To love God is to make room for God in all aspects of your life. You love Him when you love others, when you give sacrificially, when you strive for excellence in your work, and when you pray for and forgive others. Love is action; therefore, love Him and allow Him to love you. Let His expectations mold yours because what God thinks trumps any other thinking. The Holy Spirit within you has the answers to the questions that consume your thinking. Follow His internal promptings, not the external clamor.
What you believed yesterday will be dwarfed by what you learn tomorrow. Know God, love God, learn of Him and from Him. He affirms a teachable heart as one who fears the Lord. 
The Bible teaches, “Assemble the people—men, women, and children, and the aliens living in your towns—so they can listen and learn to fear the LORD your God and follow carefully all the words of this law” (Deuteronomy 31:12). Stay teachable in your understanding of God.

Prayer: Heavenly Father, my prayer is to be a lifetime learner of You and Your ways, in Jesus’ name, Amen.


Do You Really Want To Change?

Have you ever said, “I’ll never do that again!” only to make the same mistake a few days later?

If you’re a Christian, at some point in your walk with God, you’ll feel stuck in the same cycle of sinful decisions and foolish mistakes.

So how do we get from where we are to where God wants us to be?

Well, we need to start here: sometimes, we don’t actually want to change.

It sounds harsh, but I’ll lead the way.

Maybe that selfish pleasure is just too pleasurable for me. I know the Bible says I shouldn’t pursue it, or at least not allow it to dominate my calendar or wallet, but there are times when my heart simply loves the creation more than the Creator.

Then there are other times when I really do want to change, and I just feel stuck.

There are 4 “C” words that help me in my struggles.

Ultimately, these four action words won’t produce change in me. Only the power of Holy Spirit and the grace of God will produce lasting heart change.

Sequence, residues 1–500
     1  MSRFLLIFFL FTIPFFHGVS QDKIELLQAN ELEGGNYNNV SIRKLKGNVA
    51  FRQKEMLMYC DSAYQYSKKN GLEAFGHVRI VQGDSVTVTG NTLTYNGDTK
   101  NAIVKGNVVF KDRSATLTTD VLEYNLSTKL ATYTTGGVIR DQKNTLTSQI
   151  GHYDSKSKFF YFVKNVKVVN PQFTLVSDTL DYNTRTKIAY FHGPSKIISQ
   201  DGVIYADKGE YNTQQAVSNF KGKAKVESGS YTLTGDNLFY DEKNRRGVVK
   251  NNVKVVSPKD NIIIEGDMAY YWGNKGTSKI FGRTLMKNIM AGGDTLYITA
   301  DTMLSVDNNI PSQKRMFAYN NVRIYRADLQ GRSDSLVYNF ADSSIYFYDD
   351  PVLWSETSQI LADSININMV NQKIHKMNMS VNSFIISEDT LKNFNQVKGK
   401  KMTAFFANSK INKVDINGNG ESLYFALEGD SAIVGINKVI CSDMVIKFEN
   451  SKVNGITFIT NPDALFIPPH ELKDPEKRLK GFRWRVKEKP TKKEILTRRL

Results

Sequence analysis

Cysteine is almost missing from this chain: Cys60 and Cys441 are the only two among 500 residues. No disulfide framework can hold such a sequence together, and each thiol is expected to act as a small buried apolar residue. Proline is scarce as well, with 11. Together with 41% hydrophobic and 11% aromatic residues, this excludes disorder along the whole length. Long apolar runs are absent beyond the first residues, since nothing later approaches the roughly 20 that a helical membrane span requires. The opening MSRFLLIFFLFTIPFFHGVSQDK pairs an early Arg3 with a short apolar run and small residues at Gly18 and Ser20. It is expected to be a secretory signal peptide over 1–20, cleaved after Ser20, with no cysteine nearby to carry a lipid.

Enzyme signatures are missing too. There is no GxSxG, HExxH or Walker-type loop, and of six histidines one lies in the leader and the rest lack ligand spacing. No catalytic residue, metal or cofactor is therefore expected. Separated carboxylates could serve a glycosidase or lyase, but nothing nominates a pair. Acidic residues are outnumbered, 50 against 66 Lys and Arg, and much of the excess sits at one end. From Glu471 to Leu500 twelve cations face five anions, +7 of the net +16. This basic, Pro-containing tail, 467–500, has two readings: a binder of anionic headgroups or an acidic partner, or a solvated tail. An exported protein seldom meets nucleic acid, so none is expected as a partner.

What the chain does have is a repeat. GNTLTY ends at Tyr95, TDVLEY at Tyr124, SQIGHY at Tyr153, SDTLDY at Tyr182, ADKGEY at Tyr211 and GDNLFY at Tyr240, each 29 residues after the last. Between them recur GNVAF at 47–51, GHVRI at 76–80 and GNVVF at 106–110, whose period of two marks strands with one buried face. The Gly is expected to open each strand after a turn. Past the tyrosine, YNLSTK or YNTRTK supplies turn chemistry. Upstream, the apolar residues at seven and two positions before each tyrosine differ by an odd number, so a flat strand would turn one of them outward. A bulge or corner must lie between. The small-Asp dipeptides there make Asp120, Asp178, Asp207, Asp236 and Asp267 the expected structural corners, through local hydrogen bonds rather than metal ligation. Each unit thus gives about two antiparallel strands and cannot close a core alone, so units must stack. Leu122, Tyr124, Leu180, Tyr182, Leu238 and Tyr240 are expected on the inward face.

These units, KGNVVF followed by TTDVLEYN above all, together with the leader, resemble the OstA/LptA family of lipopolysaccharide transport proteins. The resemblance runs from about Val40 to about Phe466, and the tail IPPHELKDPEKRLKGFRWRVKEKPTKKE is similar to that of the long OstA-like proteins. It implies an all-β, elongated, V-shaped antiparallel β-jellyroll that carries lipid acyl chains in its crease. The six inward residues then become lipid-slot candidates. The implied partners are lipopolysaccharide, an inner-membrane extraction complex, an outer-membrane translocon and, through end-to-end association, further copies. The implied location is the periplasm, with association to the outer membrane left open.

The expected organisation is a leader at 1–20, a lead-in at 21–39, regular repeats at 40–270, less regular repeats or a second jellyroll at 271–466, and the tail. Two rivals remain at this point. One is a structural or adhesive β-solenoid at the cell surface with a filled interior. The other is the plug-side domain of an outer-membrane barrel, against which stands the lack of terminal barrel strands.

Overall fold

But these 4 C’s remind me of how I can position my heart closer to the Spirit and Grace of God.

Here they are:

1. CONSIDER: The psalmist prayed, “Search me, O God, and know my heart … see if there is any offensive way in me” (139:23–24). The first step to change requires us to look intently into the mirror of God’s Word (James 1:23-24) and consider – or examine – what the Bible says about us.

2. CONFESS: If we accurately consider what the Bible says about us, it will be very tempting to run away from the verdict, or lessen the blow by making excuses and shifting the blame. Change only happens when we confess that we’re the primary problem (like David, in Psalm 51:10).

3. COMMIT: Once we’ve considered and confessed, we ought to be grieved by the reality of sin. That grief should spur us into action. Commitment can take a variety of forms, but there needs to be some plan to move from where we are to where God wants us to be.

4. CONTINUE: This will sound obvious – change has not taken place until change has taken place. At some level, we all stop short. We talk about change, we create an action plan, but then we never follow through, or we give up with discouragement.The process of heart and life change is a process, not an event!

So brothers and sisters, continue to consider. Continue to confess. Continue to commit. And continue to continue. The gospel of Jesus Christ provides us with the hope and help we need to keep pressing on!

Surround yourself with believers who will walk with you. Seat yourself under good preaching. Dive into the Word and pray, even when you don’t feel like it.

There is a day when sin will be eradicted. Until then, our Lord has given us everything we need. Stay encouraged, and watch the Lord bless you with a harvest of good fruit!


5 Reasons the Boys in Your Children’s Ministry Aren’t Singing During Worship by Dale Hudson

Take a close look at the boys in your ministry next weekend during worship time.  You’ll probably find many of them just standing there.